You’ve been invited to dinner at the home of friends… whose commitment to sustainable development and biodiversity you know…
You’d like to bring along a bottle of wine in line with their convictions, but between biodynamic and natural organic wines you’re feeling lost.
How to find your way around?
It’s both simple and complicated.
What is organic?
Organic farming is an agricultural production method governed by European regulations.
It is therefore an official sign of quality in the same way as the Appellation d’Origine Protégée (AOP).
Organic farming comes under the INAO (Institut national de l’origine et de la qualité).
Organic production therefore implies a set of specifications and rules that obviously apply to viticulture. Since August 1, 2012, organic production rules have applied to vine cultivation AND winemaking (until then, only grapes were concerned). This means that we can now refer to our wines as “organic”, and affix the AB (optional) and European (compulsory) logos to their containers.
The production of organic grapes therefore requires :
- a 3-year conversion period
- the exclusive use of natural substances essential for vineyard protection (copper, sulfur, plant and mineral extracts). The doses that can be used are strictly limited and checked every year.
- the use of green manure from plant and/or animal compost
- maintain and improve soil fertility by mechanical means, without the use of chemical weedkillers
In the same vein, organic vinification also has its own requirements and rules, based on the following “credo”: “Vinify with respect for the true nature of the product”.
- the use of 100% organic agricultural ingredients and certain organic inputs (living organisms or elements of biological origin), if available (there are around 80!)
- Restrictions or bans on the use of certain physical processes
- a restricted list of additives and oenological aids strictly necessary for the quality of organic wines (e.g. ban on sorbate and PVPP (synthetic glue))
- limited doses of sulfur (SO²), systematically analyzed (roughly speaking, authorized doses are between 30 and 50 mg/l less than “conventional” wines)
But how do you recognize/identify an organic wine?
There are currently 2 official labels:
- the European organic label and its green leaf-shaped logo
- organic farming label (AB)
There are also other, “unofficial” labels created by players who feel that European standards do not go far enough:
- Nature et progrès: France’s first organic label, created in 1964, with more stringent specifications, particularly concerning the amount of sulphur used.
- Bio cohérence: private label created by a community of producers who also felt that the AB specifications were not strict enough.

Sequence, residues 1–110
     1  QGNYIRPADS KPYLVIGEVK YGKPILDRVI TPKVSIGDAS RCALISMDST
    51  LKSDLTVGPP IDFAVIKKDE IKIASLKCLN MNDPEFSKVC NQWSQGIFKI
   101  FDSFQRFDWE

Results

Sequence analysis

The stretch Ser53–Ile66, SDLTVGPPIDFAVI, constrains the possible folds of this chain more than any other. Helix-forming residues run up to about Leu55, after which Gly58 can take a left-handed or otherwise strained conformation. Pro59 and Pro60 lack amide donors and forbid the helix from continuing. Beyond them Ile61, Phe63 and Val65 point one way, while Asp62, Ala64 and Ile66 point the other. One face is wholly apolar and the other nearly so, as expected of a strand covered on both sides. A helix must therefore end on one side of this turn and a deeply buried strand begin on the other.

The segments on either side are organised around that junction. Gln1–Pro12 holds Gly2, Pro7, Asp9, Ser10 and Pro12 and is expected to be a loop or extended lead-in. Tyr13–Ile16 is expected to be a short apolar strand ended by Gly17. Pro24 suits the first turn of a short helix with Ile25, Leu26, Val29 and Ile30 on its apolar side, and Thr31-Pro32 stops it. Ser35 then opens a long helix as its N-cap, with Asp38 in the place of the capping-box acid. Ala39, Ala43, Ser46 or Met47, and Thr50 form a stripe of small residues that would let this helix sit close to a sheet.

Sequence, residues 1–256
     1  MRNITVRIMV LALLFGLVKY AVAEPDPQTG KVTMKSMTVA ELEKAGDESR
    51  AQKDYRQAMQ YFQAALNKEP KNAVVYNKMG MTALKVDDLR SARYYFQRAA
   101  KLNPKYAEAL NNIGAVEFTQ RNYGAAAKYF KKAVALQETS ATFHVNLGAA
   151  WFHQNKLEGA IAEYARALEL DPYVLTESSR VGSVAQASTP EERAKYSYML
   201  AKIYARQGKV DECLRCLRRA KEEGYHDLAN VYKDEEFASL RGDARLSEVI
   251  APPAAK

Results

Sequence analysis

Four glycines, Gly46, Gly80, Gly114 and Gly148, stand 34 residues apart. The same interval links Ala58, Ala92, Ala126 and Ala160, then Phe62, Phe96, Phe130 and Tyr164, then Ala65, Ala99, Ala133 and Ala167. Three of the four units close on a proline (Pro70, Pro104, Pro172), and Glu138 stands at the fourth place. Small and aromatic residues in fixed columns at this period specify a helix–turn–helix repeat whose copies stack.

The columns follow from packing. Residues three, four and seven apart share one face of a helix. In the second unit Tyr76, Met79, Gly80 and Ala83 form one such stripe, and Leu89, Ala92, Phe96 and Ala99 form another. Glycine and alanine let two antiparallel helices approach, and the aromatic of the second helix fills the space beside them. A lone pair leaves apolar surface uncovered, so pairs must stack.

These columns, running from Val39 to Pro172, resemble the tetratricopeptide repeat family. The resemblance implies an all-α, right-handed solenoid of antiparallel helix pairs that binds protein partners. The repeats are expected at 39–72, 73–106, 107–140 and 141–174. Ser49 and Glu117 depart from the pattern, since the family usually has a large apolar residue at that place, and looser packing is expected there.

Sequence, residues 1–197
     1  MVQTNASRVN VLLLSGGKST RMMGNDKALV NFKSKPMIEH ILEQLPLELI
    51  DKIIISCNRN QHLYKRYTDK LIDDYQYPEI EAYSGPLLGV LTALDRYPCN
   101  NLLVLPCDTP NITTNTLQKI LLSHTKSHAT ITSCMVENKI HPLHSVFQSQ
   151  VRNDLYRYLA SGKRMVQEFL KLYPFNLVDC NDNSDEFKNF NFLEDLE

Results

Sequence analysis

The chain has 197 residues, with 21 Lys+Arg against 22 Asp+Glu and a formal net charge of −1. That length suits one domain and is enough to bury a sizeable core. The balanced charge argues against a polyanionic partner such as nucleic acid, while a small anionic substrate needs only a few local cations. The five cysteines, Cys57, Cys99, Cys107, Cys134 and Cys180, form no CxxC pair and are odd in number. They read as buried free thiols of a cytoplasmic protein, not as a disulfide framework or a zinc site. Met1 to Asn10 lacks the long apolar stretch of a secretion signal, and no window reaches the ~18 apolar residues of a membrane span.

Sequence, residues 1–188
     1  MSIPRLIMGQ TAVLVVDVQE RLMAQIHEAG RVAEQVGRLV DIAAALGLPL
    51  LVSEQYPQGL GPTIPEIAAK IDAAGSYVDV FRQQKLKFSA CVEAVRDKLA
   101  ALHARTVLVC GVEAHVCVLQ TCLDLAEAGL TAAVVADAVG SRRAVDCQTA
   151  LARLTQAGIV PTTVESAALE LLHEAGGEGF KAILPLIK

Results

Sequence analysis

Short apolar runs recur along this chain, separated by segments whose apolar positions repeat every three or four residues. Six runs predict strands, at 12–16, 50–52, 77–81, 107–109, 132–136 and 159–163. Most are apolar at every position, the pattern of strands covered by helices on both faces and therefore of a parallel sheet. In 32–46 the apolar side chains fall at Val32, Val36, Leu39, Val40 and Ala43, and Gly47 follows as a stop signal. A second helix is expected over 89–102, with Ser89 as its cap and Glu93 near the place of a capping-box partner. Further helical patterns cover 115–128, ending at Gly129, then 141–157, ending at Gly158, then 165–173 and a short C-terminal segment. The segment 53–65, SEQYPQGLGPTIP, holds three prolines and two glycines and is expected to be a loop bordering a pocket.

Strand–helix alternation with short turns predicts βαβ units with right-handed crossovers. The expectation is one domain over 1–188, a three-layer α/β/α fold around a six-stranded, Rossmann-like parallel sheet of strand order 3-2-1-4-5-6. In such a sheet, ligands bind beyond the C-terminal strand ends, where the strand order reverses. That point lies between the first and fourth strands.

Note: there are currently 6 certifying bodies that monitor compliance with standards. The best-known of these is ECOCERT.
An organic approach is all well and good, but for some it’s just not enough. It is necessary to go further in the approach by having a more global vision, that is what biodynamics advocates.
What is biodynamics?
Above all, it’s a concept that sees arable land as a living, evolving being. Biodynamic agriculture aims to ensure the health of the soil and plants to provide healthy food for animals and people. This “philosophy” was born in the 1920s, under the impetus of an Austrian philosopher (Rudolph Steiner). Concerned by the advent of chemical fertilizers, the result of the productivist evolution of agriculture, he decreed 3 major principles that still govern biodynamic agriculture today:
- 1/ Both the farm and the private garden must be considered as a single, evolving entity whose needs must be understood.
- 2/ Soil fertilization must be carried out using biodynamic preparations (without hazardous chemicals). We therefore apply the principle of recycling waste and valuing the life cycle.
- 3/ special attention is paid to the rhythm of nature’s seasons and the influence of the stars (sun, moon, planets…). So astrology is invading agriculture, giving biodynamics an “esoteric” dimension!
In 2022, nearly 15,000 hectares of farmland in France were certified biodynamic, representing around 6% of the total agricultural area. This is a small number, but it can be explained by the additional constraints imposed by this approach. The wine industry accounts for 2/3 of this surface area. Applied to viticulture, the principles of Biodynamics involve :
- in the vineyard – no synthetic chemicals, use of plant-based preparations to energize the soil and protect against disease. Strict adherence to the lunar calendar
- in the cellar – very limited number of inputs and restricted use of sulfites (red wine 60 mg/l, white wine 90 mg/l)